Yes, we do planning wrong.

Here at Denk Strategic Wealth Partners we are very fortunate to work with, and for, a lot of very smart people. Some of them even have engineering degrees. These people tend to be very precise. One of those people gave me the idea for this commentary.

It doesn’t matter what kind of planning—financial, business, life… you name it. We’re probably doing it wrong.

Here’s how we typically plan:

1 – We put a stake in the ground where we are today.

2 – We put a stake in the ground where we want to be in the future.

3 – We draw a straight line between the two stakes.

The problem is that because we don’t like flirting with uncertainty, we obsess over making the line as precise and accurate as possible. We think that if we just have a big enough calculator, we can get the line to be an accurate reflection of the future.

But we can’t.

Sorry.

In fact, the only thing we know for sure about that straight line is that it is wrong. We just don’t know why… yet.

But it will be wrong again and again and again because we can’t predict the future, no matter how many numbers we crunch. And that’s frustrating for sure. However, there is good news too. The good news is that not knowing is really OK.

That’s right… it’s okay not to know. It has to be okay because there’s no other option.

We’re not saying that you should not bother to draw the line. For sure, that’s an important part of the planning process. It gives us an approximation, a baseline, a direction to go. What we are saying is don’t confuse the line with reality: it’s just a line.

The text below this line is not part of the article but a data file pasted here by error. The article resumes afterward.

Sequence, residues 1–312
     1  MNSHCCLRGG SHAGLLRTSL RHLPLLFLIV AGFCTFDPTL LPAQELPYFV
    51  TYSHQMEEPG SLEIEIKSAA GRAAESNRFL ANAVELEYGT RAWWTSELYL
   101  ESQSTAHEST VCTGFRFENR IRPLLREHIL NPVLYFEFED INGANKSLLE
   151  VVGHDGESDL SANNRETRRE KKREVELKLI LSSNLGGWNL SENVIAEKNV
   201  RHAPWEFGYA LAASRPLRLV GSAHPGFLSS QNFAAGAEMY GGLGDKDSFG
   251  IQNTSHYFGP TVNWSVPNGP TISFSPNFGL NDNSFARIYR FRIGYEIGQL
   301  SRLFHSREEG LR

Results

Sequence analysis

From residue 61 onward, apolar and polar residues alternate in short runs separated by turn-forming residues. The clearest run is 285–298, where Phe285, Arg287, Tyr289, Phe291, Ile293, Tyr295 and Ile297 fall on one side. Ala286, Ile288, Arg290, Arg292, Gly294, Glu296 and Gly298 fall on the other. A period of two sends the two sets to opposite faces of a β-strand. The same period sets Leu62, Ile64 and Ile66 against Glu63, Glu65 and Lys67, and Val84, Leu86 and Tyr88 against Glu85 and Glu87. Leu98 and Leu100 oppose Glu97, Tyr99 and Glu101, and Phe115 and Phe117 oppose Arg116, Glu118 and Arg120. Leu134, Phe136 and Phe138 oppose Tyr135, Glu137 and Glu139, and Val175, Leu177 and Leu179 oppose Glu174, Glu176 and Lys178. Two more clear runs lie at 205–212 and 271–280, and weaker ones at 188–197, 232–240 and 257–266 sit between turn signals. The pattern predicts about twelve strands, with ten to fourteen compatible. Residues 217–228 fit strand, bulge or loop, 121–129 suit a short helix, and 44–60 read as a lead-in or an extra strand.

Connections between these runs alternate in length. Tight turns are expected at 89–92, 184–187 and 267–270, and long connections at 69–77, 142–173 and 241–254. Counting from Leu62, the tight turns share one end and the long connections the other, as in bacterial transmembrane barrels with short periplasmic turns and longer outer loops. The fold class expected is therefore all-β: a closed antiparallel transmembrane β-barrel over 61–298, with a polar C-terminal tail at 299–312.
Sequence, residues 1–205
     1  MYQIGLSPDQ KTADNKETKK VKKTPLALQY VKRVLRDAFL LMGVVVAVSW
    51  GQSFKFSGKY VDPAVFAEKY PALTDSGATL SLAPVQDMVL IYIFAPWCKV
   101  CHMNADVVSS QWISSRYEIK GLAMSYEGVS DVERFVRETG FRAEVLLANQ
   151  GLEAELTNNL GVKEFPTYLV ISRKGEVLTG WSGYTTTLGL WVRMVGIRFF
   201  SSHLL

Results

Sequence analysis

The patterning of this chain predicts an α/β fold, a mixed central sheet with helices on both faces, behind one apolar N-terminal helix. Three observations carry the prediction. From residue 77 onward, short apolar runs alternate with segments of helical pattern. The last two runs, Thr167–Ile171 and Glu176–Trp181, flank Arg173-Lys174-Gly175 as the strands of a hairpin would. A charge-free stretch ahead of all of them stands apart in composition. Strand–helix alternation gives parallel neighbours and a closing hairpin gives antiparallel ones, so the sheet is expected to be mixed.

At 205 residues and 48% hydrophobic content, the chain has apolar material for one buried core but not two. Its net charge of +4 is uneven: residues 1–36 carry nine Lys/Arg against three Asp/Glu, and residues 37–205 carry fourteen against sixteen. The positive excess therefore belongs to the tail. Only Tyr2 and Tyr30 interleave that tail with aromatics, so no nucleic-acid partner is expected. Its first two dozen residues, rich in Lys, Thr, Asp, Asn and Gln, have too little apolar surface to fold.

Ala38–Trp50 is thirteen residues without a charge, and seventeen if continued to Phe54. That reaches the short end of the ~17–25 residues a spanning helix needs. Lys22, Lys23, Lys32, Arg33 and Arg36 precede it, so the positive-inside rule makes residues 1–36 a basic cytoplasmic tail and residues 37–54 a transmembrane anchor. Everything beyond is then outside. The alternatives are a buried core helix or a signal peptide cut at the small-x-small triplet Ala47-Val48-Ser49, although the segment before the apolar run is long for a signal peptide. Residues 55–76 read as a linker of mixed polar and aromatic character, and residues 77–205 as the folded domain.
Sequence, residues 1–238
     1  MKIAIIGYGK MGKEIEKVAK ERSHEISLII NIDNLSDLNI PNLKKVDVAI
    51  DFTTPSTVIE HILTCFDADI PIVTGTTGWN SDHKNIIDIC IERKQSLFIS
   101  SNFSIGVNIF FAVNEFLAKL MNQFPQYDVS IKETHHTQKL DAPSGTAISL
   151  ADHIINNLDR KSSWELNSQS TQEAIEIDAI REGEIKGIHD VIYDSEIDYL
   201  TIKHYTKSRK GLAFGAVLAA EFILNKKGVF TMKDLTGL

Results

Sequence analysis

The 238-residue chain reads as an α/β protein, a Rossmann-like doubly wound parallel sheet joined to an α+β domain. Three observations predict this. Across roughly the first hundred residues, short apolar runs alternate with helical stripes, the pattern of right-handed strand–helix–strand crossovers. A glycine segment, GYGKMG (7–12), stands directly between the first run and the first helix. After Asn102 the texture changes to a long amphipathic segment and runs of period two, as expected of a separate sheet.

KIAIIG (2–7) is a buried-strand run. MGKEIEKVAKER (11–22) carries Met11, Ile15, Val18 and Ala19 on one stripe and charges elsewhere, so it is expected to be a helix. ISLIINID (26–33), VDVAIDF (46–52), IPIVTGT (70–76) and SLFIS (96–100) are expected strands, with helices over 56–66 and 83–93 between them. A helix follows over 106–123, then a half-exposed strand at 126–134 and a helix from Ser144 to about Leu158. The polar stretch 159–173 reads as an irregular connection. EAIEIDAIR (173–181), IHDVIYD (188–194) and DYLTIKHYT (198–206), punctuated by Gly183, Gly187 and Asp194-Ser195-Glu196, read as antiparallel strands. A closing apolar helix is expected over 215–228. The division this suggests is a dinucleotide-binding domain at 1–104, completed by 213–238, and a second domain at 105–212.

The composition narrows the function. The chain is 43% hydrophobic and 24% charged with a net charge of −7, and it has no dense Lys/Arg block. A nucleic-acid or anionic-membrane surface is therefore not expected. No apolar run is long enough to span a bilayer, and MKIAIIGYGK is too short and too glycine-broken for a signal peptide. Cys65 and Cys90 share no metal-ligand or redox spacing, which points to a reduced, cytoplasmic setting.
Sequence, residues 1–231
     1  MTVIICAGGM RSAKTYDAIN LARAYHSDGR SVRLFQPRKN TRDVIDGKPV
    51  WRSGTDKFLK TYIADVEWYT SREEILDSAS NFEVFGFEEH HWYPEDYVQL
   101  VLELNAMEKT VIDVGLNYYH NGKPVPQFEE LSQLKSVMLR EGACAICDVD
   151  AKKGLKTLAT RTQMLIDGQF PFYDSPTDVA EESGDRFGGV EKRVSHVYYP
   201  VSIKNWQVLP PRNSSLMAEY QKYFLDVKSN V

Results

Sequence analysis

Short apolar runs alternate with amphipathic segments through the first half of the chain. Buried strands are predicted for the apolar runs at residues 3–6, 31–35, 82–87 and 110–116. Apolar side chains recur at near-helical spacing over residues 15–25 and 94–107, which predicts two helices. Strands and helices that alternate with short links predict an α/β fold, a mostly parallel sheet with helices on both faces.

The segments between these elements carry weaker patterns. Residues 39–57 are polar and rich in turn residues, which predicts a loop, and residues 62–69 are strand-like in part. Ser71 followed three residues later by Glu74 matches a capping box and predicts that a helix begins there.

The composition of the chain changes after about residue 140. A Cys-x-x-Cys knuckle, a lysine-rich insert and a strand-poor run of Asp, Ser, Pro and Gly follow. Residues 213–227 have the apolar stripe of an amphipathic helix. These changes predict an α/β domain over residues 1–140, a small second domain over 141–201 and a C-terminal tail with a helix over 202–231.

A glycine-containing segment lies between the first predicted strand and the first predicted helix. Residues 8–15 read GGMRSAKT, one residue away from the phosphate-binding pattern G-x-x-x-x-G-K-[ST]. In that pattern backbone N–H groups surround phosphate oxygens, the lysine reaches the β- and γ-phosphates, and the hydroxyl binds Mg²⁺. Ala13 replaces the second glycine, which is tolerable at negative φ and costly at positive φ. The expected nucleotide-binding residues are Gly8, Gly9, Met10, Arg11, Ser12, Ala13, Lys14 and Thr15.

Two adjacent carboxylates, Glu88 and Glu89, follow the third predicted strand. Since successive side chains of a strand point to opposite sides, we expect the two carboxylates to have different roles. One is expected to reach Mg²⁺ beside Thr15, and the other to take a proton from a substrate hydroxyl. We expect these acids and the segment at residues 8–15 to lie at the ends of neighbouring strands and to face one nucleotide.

After the line is drawn, we need to relax into the idea that planning is an ongoing process. We need to understand that what matters far more than the line is how we behave when it’s time to make course corrections.

Straight-line planning is about being precisely correct today (again, something that is not possible).

Reality-based planning, on the other hand, is the process of being less wrong tomorrow. It’s the constant work of narrowing the potential range of outcomes over time.

So instead of trying to carve the perfect plan in stone — as if it’s a monument to the future — let’s write our plans in pencil and stay focused on the process of being a little less wrong tomorrow.

In this crazy world and crazy market environment, we’re working for you to be flexible and make changes and corrections as we go along, being very comfortable that we’ll be able to chart a useful path to your destination.

Ron’s Market Minute — Groundhog Day

For the fifth time in six months, inflation has surprised to the upside.

 The CPI numbers just released by the BLS show for the month of September, Month-on-Month Inflation rose 0.4% and the Year-on-Year number printed at 8.2%. Meanwhile, the ‘Core Inflation’ (excluding food and energy) jumped 0.6% in the month — bounding to a new multi-decade high of 6.6% year over year. It was the fifth time in six months that markets underestimated inflation and its impact on Fed policy. 

 Yes, there are signs that price pressures in SOME sectors are moderating, but we continue to believe that markets are 1) UNDER-estimating the length of time this inflationary environment is likely to remain well above the Fed’s (arbitrary) 2% target and 2) Under-appreciating the significant uncertainty around the Fed’s policy path. 

 The upside CPI (Consumer Price Index) surprise and the markets’ (unsurprising) reaction to it has become a bit of a regular monthly ritual: the S&P Index* has, on average, fallen by -3% in the two days following the past couple of rate hikes, and -5% in the following 10 days. Fed policy is directly in control of market outcomes, and inflation right now has a stranglehold on policy.  

 Each time (of late) we’ve seen the market reaction, one or many of the Fed members seem to have stepped up to assure us that they will do whatever is necessary to slay the inflation dragon, no matter how ugly the markets and economy might be acting.  There’s no way around it, I see the upcoming few months (at least) as a period of just plain ugliness. Ugh!

Ronald P. Denk, CFP®
Investment Advisor
Denk Strategic Wealth Partners
10000 N. 31st Avenue, Suite D406A
Phoenix, AZ 85051
Phone (602) 252-8700
Fax (602) 252-8701
Toll-Free (877) The-Denk
www.denkinvest.com

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